[Rd] R's copying of arguments (Re: Julia)
oliver at first.in-berlin.de
Sat Mar 17 16:35:22 CET 2012
regarding the copying issue,
I would like to point to the
"Writing R-Extensions" documentation.
There it is mentio9ned, that functions of extensions
that use the .C interface normally do get their arguments
In section 5.2:
"There can be up to 65 further arguments giving R objects to be
passed to compiled code. Normally these are copied before being
passed in, and copied again to an R list object when the compiled
But for the .Call and .Extension interfaces this is NOT the case.
In section 5.9:
"The .Call and .External interfaces allow much more control, but
they also impose much greater responsibilities so need to be used
with care. Neither .Call nor .External copy their arguments. You
should treat arguments you receive through these interfaces as
Why is read-only preferred?
Please, see the discussion in section 5.9.10.
It's mentioned there, that a copy of an object in the R-language
not necessarily doies a real copy of that object, but instead of
this, just a "rerference" to the real data is created (two names
referring to one bulk of data). That's typical functional
programming: not a variable, but a name (and possibly more than one
name) bound to an object.
Of course, if yo change the orgiginal named value, when there
would be no copy of it, before changing it, then both names
would refer to the changed data.
of course that is not, what is wanted.
But what you also can see in section 5.9.10 is, that
there already is a mechanism (reference counting) that allows
to distinguish between unnamed and named object.
So, this is directly adressing the points you have mentioned in your
So, at least in principial, R allows to do in-place modifications
of object with the .Call interface.
You seem to refer to the .C interface, and I had explored the .Call
interface. That's the reason why you may insist on "it's copyied
always" and I wondered, what you were talking about, because the
.Call interface allowed me rather C-like raw style of programming
(and the user of it to decide, if copying will be done or not).
The mechanism to descide, if copying should be done or not,
also is mentioined in section 5.9.10: NAMED and SET_NAMED macros.
with NAMED you can get the number of references.
But later in that section it is mentioned, that - at least for now -
NAMED always returns the value 2.
"Currently all arguments to a .Call call will have NAMED set to 2,
and so users must assume that they need to be duplicated before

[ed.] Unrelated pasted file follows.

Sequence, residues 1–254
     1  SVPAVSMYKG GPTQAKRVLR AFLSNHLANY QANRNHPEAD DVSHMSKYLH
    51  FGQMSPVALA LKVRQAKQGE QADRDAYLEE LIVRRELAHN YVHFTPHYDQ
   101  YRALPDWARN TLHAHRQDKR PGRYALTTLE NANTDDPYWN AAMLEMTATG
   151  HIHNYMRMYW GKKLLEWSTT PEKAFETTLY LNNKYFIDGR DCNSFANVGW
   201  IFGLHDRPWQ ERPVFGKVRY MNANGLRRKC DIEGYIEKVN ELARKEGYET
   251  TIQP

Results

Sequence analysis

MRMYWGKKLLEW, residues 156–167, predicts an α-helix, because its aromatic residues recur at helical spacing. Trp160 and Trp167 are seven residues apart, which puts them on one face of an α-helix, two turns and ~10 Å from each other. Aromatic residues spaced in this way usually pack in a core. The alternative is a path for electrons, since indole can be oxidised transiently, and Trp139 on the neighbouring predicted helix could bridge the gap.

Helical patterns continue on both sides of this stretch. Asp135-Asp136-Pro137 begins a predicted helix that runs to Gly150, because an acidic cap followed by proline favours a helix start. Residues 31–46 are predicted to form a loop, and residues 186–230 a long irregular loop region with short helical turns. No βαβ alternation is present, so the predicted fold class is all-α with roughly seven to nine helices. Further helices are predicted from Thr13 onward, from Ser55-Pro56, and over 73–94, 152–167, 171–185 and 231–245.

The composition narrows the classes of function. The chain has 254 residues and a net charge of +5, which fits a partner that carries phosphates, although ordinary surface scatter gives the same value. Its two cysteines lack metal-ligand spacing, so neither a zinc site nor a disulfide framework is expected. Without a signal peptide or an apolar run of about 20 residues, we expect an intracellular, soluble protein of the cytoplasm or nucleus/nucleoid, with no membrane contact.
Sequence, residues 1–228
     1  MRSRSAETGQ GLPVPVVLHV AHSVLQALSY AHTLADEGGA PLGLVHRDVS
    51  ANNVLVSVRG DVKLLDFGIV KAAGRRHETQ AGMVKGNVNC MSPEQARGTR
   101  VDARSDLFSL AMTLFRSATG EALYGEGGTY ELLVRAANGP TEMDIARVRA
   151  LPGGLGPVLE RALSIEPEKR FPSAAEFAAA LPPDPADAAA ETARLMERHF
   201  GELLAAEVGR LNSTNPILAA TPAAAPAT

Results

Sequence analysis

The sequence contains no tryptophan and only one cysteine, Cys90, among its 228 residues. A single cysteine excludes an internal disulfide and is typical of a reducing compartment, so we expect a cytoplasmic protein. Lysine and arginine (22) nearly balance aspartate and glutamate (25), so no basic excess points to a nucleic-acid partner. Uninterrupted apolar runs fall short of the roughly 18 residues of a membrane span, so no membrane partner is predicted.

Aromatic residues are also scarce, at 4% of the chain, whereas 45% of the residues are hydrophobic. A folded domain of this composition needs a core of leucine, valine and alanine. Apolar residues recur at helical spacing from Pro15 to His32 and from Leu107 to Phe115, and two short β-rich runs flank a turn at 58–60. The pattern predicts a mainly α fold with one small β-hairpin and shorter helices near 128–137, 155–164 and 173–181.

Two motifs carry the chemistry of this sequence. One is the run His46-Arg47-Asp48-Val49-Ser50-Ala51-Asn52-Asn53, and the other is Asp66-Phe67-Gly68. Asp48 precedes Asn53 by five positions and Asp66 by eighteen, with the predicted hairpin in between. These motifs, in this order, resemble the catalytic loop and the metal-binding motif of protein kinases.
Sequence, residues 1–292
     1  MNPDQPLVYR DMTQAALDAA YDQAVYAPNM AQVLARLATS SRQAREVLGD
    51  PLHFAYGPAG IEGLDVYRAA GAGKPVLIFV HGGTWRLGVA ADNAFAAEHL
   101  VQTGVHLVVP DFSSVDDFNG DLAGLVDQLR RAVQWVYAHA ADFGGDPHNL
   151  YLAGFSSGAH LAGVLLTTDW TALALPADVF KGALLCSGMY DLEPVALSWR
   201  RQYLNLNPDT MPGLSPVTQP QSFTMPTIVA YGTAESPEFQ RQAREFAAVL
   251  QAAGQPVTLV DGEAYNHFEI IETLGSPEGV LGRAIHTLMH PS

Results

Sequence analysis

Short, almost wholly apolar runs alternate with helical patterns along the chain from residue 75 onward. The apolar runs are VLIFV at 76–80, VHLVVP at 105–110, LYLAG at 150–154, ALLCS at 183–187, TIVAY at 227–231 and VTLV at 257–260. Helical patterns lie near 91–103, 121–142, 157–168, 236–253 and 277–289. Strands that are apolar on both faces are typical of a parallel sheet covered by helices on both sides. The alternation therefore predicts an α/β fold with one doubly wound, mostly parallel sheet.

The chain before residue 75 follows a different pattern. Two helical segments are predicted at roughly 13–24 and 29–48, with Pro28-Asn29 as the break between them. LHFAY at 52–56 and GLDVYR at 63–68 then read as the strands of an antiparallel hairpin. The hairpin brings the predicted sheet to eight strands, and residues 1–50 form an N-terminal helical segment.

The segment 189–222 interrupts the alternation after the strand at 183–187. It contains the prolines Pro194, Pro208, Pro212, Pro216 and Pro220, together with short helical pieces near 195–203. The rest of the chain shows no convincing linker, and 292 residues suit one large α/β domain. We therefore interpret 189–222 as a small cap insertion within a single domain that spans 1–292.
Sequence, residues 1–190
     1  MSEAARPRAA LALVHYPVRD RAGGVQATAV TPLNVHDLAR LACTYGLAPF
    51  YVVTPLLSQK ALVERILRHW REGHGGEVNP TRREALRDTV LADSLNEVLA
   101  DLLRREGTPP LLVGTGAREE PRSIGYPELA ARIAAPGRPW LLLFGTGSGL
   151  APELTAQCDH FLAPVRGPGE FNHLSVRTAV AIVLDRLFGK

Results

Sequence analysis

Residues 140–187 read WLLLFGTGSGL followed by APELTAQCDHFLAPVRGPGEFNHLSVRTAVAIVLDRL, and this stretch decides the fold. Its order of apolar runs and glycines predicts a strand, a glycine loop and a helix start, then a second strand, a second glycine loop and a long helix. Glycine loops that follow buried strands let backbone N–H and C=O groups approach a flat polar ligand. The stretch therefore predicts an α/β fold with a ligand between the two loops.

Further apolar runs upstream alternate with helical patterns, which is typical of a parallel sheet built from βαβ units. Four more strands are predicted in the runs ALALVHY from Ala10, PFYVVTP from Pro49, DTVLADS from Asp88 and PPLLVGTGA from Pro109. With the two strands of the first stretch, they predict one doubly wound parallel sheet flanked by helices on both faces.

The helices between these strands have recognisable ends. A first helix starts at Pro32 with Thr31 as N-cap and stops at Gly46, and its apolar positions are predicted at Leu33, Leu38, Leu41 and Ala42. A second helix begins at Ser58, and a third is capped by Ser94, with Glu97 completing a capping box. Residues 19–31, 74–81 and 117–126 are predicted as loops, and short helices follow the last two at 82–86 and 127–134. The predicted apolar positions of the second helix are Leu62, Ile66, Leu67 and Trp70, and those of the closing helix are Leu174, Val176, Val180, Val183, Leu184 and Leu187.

(section 5.9.10, last sentence)
So, the in-place modification can be done already with the .Call
intefcae for example. But the decision if it is safe or not
is not supported at the moment.
So the situation is somewhere between: "it is possible" and
"R does not support a safe decision if, what is possible, also
can be recommended".
At the moment R rather deprecates in-place modification by default
(the save way, and I agree with this default).
But it's not true, that R in general copies arguments.
But this seems to be true for the .C interface.
Maybe a lot of performance-/memory-problems can be solved
by rewriting already existing packages, by providing them
via .Call instead of .C.
On Tue, Mar 06, 2012 at 04:44:49PM +0000, William Dunlap wrote:
> S (and its derivatives and successors) promises that functions
> will not change their arguments, so in an expression like
> val <- func(arg)
> you know that arg will not be changed. You can
> do that by having func copy arg before doing anything,
> but that uses space and time that you want to conserve.
> If arg is not a named item in any environment then it
> should be fine to write over the original because there
> is no way the caller can detect that shortcut. E.g., in
> cx <- cos(runif(n))
> the cos function does not need to allocate new space for
> its output, it can just write over its input because, without
> a name attached to it, the caller has no way of looking
> at what runif(n) returned. If you did
> x <- runif(n)
> cx <- cos(x)
> then cos would have to allocate new space for its output
> because overwriting its input would affect a subsequent
> I suppose that end-users and function-writers could learn
> to live with having to decide when to copy, but not having
> to make that decision makes S more pleasant (and safer) to use.
> I think that is a major reason that people are able to
> share S code so easily.
> Bill Dunlap
> Spotfire, TIBCO Software
> wdunlap tibco.com
> > -----Original Message-----
> > From: oliver [mailto:oliver at first.in-berlin.de]
> > Sent: Tuesday, March 06, 2012 1:12 AM
> > To: William Dunlap
> > Cc: Hervé Pagès; R-devel
> > Subject: Re: [Rd] Julia
> > On Tue, Mar 06, 2012 at 12:35:32AM +0000, William Dunlap wrote:
> > [...]
> > > I find R's (& S+'s & S's) copy-on-write-if-not-copying-would-be-discoverable-
> > > by-the-uer machanism for giving the allusion of pass-by-value a good way
> > > to structure the contract between the function writer and the function user.
> > [...]
> > Can you elaborate more on this,
> > especially on the ...-...-...-if-not-copying-would-be-discoverable-by-the-uer
> > stuff?
> > What do you mean with discoverability of not-copying?
> > Ciao,
> > Oliver
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